You can't eat it, drink it, drive it, or live in it. While you can wear some as jewelry, it won't keep you warm. It does not earn interest. It is not really good for anything that is necessary. Metal coins and paper money are merely tradable symbols for the efforts and possessions of humans. It is only people's attitudes and beliefs about these symbols that make them valuable. The only real basis for gold's value is the labor, machinery, and energy needed to find, extract, form and get it to market. That is difficult and therein lies it benefit and problem for economics.
Let's look at what happens in a pure gold currency economy. To make it simple, suppose that an economy has only 1,000 ounces of gold. Each person has a balanced budget, that is, each spends all of his income on what he needs and wants. The 1000 ounces of gold goes around and around: the shoemaker buys from the baker, the baker buys from the farmer, the farmer buys from the tailor, who buys from the shoemaker, etc. If one of the society's members decides he wants to produce something new, there is no extra gold in the economy to invest in it. If one person has a new baby, there is no extra gold to buy anything for it. Since everyone is earning and buying what he or she needs and wants already, that person will have to give up something to invest or buy this new item or not do it all. If one of the members decides not to buy something, then this flows throughout the society and many of the other members cannot buy something since that gold no longer goes around (see Paradox of Thrift by Keynes). With an economy based on gold, you either have to conquer someone and take their gold, or go prospecting; not timely or likely and getting harder to do all the time. As a result, all ancient and most non-fiat money economies stagnated or collapsed when their source of new gold ran out, was horded, or saved. Gold is an unthinking and intractable economic master which has historically caused stagnation and war.
Humankind's ability to produce goods and services is limited only by our minds. With paper and electronic money (fiat money), a wise government expands the money supply in step with new production, services, and population growth so people can buy the newly produced items they want and need. Gold is limited by nature and technological innovation. The supply of gold cannot automatically, seamlessly expand when needed to fund new human ideas and production, to fund the needs of an expanding population. The world got lucky with the influx of the New World's gold and the California strike which stimulated stagnating economies.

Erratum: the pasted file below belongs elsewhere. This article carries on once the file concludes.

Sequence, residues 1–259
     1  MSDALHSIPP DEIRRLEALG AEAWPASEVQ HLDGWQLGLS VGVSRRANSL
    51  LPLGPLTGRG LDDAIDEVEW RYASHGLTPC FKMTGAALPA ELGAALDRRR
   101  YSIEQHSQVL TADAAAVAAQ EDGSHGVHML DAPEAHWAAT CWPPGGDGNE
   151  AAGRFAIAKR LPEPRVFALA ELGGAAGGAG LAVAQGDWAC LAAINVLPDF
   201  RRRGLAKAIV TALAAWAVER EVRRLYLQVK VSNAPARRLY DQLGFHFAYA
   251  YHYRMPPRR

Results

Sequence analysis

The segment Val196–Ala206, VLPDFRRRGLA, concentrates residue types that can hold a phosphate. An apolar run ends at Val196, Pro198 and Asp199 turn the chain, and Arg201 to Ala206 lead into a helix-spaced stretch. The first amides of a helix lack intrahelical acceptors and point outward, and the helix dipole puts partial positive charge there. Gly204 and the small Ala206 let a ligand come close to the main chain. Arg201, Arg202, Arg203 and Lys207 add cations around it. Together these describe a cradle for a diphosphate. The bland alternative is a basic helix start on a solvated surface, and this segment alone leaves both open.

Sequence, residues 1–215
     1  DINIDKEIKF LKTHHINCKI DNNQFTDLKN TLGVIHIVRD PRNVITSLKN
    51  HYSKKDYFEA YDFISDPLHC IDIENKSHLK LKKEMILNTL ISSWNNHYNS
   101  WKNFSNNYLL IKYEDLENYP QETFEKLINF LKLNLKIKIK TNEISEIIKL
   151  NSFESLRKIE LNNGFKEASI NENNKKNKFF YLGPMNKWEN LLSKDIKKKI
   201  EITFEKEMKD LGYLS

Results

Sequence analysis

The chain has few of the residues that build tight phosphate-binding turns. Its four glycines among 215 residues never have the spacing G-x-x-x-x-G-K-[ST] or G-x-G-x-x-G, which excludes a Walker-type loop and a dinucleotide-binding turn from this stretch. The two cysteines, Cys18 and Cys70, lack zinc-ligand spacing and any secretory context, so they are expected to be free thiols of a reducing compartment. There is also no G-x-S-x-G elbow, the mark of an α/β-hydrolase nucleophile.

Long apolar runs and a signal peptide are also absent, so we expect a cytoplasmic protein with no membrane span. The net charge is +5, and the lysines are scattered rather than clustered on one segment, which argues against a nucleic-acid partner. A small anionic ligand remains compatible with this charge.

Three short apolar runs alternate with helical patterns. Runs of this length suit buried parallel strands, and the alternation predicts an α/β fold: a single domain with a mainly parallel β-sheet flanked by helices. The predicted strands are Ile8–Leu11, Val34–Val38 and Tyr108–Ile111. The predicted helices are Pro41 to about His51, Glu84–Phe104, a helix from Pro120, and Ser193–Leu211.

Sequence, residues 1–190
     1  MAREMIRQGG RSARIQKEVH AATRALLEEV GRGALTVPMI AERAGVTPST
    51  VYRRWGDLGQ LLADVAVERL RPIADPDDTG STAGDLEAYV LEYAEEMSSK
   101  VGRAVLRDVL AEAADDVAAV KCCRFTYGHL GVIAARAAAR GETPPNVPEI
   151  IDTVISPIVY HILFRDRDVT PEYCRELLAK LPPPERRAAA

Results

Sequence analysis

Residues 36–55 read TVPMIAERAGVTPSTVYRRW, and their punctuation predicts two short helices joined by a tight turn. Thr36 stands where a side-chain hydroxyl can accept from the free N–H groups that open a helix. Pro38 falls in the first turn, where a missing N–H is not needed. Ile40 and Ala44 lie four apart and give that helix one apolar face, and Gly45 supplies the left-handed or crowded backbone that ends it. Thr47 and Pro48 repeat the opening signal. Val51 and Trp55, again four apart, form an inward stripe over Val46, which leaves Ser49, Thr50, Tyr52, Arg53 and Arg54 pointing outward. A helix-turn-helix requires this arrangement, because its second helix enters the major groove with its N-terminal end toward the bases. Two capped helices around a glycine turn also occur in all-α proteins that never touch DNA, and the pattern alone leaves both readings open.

You often hear from people, particularly those who own lots of it (gold bugs), "Gold is the only "real' money." That is definitionally false. "Real" is anything that has actually occurred or existed. Sea shells, arrowheads, salt, animal hides, butter, cacao beans, tobacco leaves, barley, beads, the giant stone wheels of the south Pacific, many things, were "real" money since people actually used it to exchange goods, services, and property. What these gold salesmen are really saying is three things: 1) Gold does not deteriorate or waste away like barley, wood, iron, etc. 2) The government can print as much paper money as it wants, thereby enriching it while diluting the value of money already in the hands of others. 3) Gold is so rare that it is hard to increase the amount of it in circulation, so it is hard to dilute the value of it. But gold, silver, diamonds, etc. are commodities subject to the laws of supply and demand. They have no immutable or innate value.
Gold inflation and bubbles have happened before. The discovery of the New World's gold flooded the market, resulting in crippling inflation for Spain. Spain also unwisely used its new found gold to buy what they needed from other countries rather than invest it increasing production in their own economy by their own citizens. They also used it to pay for wars and trade route protection as the US is doing today. Cortes wrote in the 1590's: "Although our kingdom could be the richest in the world for the abundance of gold and silver that have come into it and continue to come in from the Indies, it ends up as the poorest because it serves as a bridge across which gold and silver pass to other kingdoms that are our enemies." People quipped, ~"Wealth is born in the Indies, dies in Spain, and is buried in Genoa."
A second gold bubble happened again after the discovery of gold in California in 1848.
The gold bugs ignore these bubbles and assert that it cannot happen again. However, the amount of gold mined has gone up geometrically with technology and price. These two factors make discovering and processing poorer and poorer ore worth the effort. Not withstanding that, the total amount of gold mined in all of history is still only 193,000 metric tons, enough to make a cube just 72 feet (22m) on a side or one acre, 9 feet deep, easily fitting into one large warehouse. That is not enough to replace all the currency around the world. But what if suddenly there was much, much more recoverable gold? On average, seawater is around 13 ppt gold. Since there are 1.3 billion cubic kilometers of sea water on earth, there are 169,000,000  metric tons of gold in seawater, 875 times more than has ever been mined. When someone invents a way to easily extract it, the price of gold will plummet. (It will happen -- remember people said man would never fly.) Moreover, the total gold on the surface of the earth and in its oceans is less than 1% of the gold in the earth, most of which has sunk far below the surface. Volcanoes brought most of it to the surface and who can say one won't bring up the mother load again?